The Coalition made the 2,100 gigalitre dam one of its hallmark election commitments during the 2022 campaign, promising to transform 60,000ha of dry cattle country west of Townsville into an irrigated food bowl.
Nationals leader Barnaby Joyce spearheaded the funding promise ahead of the delivery of a detailed business case, expected in June.
It prompted concern from local irrigators and water policy experts that the dam could produce the most expensive water in Australia.
Labor to 'ensure proper consultation'
Nationals senator for Queensland Susan McDonald said she feared the Hells Gates Dam and Urannah Dam would not come to fruition under Labor.
"I have not had any reassurance from Labor that they intend to honour those commitments," the former special envoy for northern Australia said.
Labor said in its budget costings, revealed before the election, it would delay Hells Gates by a year to "ensure proper consultation".
It would then drip feed $450 million into the project between 2023–26, beginning with $50m in 2023-24.
"The business case has been all but finalised, Labor has been briefed on it as well as the previous government."
Federal funding questioned
But that approach has been dismissed by water policy expert Stuart Khan, from the School of Civil and Environmental Engineering at UNSW.
He said Hells Gates was at least three to four years away from being "shovel-ready".
Professor Khan was a member of the federal government's National Water Grid Advisory Body before it was disbanded in March 2022, 18 months before its expected expiration, without having scrutinised the Hells Gates Dam funding commitment.
"There's a constitutional question around the Commonwealth government coming in and basically telling the state government how to manage water," Professor Khan said.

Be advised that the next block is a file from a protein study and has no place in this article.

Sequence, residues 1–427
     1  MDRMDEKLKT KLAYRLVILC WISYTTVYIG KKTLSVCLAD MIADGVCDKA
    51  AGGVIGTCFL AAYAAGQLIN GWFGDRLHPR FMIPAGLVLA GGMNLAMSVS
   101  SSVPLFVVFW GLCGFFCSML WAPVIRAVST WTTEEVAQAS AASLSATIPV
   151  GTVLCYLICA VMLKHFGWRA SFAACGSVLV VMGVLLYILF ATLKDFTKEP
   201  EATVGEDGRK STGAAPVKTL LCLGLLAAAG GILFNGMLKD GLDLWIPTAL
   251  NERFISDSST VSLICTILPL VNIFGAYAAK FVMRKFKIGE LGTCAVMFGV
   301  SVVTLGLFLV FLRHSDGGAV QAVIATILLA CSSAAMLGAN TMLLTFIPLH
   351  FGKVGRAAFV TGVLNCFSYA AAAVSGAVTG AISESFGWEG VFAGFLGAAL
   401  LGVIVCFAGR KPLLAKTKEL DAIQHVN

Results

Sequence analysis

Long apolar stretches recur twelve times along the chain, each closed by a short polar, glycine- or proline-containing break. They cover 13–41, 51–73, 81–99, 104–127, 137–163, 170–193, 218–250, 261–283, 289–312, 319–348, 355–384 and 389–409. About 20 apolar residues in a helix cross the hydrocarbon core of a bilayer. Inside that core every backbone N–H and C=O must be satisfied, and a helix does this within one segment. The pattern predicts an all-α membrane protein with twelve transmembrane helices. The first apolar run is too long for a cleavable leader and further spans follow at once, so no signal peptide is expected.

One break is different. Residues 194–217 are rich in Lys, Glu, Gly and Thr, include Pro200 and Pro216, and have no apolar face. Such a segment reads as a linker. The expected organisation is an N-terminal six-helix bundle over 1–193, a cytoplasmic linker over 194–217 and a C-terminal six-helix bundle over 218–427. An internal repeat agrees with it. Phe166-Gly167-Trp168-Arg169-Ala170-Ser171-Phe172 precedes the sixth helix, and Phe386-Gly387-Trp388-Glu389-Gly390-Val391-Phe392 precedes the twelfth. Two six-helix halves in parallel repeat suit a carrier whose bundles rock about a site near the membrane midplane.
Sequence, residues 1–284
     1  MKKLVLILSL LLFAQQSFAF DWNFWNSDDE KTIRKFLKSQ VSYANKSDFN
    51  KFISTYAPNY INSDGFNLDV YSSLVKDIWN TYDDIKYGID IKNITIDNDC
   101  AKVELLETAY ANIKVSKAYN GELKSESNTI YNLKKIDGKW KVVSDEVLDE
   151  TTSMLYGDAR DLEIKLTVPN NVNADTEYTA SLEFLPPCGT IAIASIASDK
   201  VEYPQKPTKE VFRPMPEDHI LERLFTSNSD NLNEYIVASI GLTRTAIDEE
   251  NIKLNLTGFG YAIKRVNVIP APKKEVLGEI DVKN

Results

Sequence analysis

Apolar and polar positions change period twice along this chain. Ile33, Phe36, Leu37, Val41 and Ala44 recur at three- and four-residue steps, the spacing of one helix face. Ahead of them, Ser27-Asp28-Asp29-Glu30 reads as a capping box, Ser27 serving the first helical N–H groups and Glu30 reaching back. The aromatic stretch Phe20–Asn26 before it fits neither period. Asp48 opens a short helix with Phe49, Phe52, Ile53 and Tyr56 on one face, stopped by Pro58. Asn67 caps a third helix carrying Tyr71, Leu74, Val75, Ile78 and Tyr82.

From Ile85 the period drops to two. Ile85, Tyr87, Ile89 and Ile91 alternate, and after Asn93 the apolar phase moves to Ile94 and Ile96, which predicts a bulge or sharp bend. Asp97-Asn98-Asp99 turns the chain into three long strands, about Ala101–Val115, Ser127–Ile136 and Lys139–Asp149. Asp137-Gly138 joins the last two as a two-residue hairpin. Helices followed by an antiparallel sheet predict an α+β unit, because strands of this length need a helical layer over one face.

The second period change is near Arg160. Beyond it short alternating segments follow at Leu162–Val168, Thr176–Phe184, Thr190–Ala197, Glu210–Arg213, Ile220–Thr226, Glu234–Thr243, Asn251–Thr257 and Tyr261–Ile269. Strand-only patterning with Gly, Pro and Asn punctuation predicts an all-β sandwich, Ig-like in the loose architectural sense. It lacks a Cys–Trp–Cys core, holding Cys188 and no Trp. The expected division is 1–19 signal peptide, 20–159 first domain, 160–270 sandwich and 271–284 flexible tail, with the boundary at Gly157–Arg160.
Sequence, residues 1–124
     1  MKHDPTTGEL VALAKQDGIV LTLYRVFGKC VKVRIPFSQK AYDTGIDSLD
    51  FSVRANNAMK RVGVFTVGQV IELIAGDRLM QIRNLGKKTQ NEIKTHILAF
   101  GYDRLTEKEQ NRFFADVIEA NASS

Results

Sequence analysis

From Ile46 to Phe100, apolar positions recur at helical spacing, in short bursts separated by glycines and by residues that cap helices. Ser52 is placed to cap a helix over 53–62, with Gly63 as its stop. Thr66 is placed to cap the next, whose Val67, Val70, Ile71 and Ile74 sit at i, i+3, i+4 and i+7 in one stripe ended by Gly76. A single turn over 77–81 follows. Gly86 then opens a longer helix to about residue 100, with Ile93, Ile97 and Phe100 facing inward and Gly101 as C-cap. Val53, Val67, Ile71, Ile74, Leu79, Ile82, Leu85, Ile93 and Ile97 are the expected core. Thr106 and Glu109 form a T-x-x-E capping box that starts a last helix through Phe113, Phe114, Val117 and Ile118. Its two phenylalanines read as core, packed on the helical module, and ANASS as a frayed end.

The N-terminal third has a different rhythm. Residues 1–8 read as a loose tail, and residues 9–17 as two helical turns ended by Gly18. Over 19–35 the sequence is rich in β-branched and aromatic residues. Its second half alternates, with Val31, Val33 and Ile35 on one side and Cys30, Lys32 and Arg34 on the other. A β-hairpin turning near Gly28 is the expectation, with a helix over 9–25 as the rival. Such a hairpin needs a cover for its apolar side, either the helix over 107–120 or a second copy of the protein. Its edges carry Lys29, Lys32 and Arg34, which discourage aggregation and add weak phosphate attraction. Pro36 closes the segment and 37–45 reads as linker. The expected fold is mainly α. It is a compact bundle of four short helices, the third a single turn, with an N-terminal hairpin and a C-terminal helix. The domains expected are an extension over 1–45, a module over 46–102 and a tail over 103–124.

He said the detailed business case which outlined the potential economic risk and return of Hells Gates needed to be properly scrutinised by the state government.
"Normally, major water infrastructure like this would be an initiative of the state … and then the state might apply to the Commonwealth government for some assistance for the plan," Professor Khan said.
"So everything is a bit upside down in this case where you've got the Commonwealth government coming in and saying the state just needs to rubber stamp it."
The Queensland state government has remained silent on whether or not it supported the Hells Gates Dam campaign.
Damned if you do, damned if you don't
Kennedy MP Bob Katter said the previous government's vision was too small to irrigate north-west Queensland even though it secured $5.4 billion for his electorate.
"If you attempt to proceed with that proposal, you destroy the dreams of the Australian people of irrigating inland Australia," he said.
Mr Katter said he would use his power on parliament's crossbench to lobby the new Labor government to build a bigger Hells Gates project more in line with the decades old Bradfield Scheme model.
"I will be very, very angry indeed if I haven't got a meeting in the next two and a half weeks with the Prime Minister or the Minister he designates to do this, and I don't get absolutely assurances that they'll proceed to build the dam to 390 or 395 metres [high]."
Water infrastructure a priority
Just south of Townsville in the north Queensland seat of Dawson, the LNP's newly elected MP Andrew Willcox said water infrastructure would be his priority in opposition.
"I really want to make sure that we get the Urannah Dam across the line, I think that's a game changer for the whole area," he said.
"The Labor Party has said that they'll support that, providing it stacks up, and it does stack up."
He said his party wanted to make sure Urannah Dam was built because it would open up a lot of agriculture and provide water for mining.
The ABC has approached the local Labor Party and Townsville Enterprise, which is preparing the business case, for comment.
y Jade Toomey